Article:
Video Monetization

One-Time Payment vs Recurring Payment: Which Model is Right for Your Business?

By Lily Ugbaja
10 Min Read
An image shows a membership busines owner deciding between one time or recurring payments.

There’s a ton of nuance that goes into deciding which payment model to adopt for your content business or app. But as far as money is concerned, we’ll sum it up for you. 

  • If you want instant cash flow and don’t mind month-to-month fluctuations, choose one-time payments.
  • If you’re looking to build a massive revenue growth engine that compounds over time, recurring payments are what you need.

That said, you should look beyond your income needs too. Each of these payment models can potentially influence how customers experience your program, which has a big impact on your success in the long run.

How well your online content business grows depends on the model you choose!

One-Time Payment vs Recurring Payment

One-time paymentRecurring payment
RevenueLump sum upfrontPredictable stream over time
Customer Behavior/LoyaltyUnattachedPsychologically committed
Customer AcquisitionHigher customer acquisition costsLower customer acquisition costs
Customer RetentionLower customer retention ratesHigher customer retention rates
Value PerceptionHigh-value perceptionHigher perceived value when paired with community
Comparison of one-time payment vs recurring payment using typical scenarios

What are recurring payments?

Recurring payments are fees that users pay on a set schedule to keep accessing your content, community, resource library, or other forms of your expertise. 

Recurring payments can be subscriptions (payments that repeat at regular intervals, like monthly or annually), or payment plans (payment installments that expire after a set time.) These fees are automatic payments charged to customers’ credit cards (or debit cards.)

Recurring payments pros

  • Fewer sales objections: If your one-time payment course sells for $250, you’d sell that same program for a monthly fee of around $25. That’s a smaller commitment for customers to make. Aside from the spread-out costs, a recurring payment program often has a bigger content library over time since you’ll keep adding videos to your subscription program. The lower price point and promise of more content encourage more people to, at least, try your program.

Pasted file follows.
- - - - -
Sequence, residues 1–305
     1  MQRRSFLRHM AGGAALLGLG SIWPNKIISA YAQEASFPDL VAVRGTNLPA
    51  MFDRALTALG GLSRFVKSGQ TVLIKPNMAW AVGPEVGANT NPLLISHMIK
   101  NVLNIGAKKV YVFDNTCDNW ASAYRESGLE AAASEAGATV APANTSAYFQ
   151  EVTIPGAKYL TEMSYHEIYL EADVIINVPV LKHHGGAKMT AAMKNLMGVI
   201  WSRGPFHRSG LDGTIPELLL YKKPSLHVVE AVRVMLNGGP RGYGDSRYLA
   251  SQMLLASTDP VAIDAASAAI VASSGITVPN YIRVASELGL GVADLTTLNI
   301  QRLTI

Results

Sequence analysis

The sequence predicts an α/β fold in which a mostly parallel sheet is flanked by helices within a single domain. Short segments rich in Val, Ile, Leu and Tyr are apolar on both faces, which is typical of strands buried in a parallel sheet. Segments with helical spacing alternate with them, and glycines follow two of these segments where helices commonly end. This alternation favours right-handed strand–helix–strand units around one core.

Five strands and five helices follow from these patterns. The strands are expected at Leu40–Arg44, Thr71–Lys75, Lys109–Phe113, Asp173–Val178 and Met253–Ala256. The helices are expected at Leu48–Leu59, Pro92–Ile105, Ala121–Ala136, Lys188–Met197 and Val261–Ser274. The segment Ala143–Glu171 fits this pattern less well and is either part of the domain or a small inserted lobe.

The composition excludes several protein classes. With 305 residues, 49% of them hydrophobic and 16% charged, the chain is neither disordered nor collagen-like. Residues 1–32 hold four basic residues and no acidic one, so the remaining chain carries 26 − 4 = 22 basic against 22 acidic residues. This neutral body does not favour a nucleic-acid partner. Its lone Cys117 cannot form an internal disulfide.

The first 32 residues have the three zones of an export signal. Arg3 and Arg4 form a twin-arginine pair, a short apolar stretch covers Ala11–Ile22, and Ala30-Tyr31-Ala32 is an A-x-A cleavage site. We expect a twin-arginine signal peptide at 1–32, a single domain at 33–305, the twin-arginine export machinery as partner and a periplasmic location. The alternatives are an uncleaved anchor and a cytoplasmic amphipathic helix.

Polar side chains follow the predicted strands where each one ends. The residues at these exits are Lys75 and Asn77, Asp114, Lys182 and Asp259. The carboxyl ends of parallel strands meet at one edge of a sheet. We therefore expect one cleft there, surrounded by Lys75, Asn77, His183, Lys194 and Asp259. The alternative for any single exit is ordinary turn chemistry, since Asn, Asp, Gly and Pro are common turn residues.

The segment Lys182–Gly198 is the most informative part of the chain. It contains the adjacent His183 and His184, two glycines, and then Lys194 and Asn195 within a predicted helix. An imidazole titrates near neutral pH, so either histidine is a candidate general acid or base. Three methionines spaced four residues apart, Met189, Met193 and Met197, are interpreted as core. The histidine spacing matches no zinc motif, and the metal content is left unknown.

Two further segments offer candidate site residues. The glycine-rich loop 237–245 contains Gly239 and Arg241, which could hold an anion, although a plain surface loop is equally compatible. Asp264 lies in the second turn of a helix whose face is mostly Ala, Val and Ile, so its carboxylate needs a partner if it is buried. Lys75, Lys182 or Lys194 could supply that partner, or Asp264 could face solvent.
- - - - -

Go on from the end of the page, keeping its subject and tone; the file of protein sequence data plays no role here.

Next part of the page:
• Predictable cash flow: Let’s say you make $10,000 from recurring payments this month. If 90% of your subscribers renew their subscriptions each month, you know that even without making any new sales next month you’ll make around $9,000 (90% of this month’s revenue). This is one of the biggest benefits of recurring payments.
  • Increased word-of-mouth: There’s at least one one-time payment course that you bought and never went through. But if you had to pay a recurring fee for that program, you’d be far more likely to use it on a regular basis.  When subscribers pay recurring fees over time, they get a chance to experience all the benefits your program offers and become loyal advocates of it. You’ll get shoutouts on social media and more word-of-mouth referrals.
  • Lower customer acquisition costs: If your subscribers send you customers through their advocacy, you’re spending less out of pocket to acquire new users.
  • Long-term revenue growth potential: With the recurring revenue model, growth compounds. You don’t have to build your income from scratch every month and over time, that adds up.
  • More opportunities to receive feedback: When people become regular paying customers, they’re invested in your program. This means they’ll want to help you find ways to improve it for them.

Recurring payments cons

  • Increased customer support: Constant access to your program means that subscribers will run into issues that require support more often. While this isn’t an issue for memberships (because people will able to ask questions and get answers from members of the community), simple subscription business models will need to allocate more resources for support.
  • Potential customer churn: There is a risk that subscribers will cancel if they’re not receiving enough value or benefits to justify the ongoing subscription cost. One important note: the typical churn rate for subscription services that include memberships is less than 10%, because an active community provides tons of value for people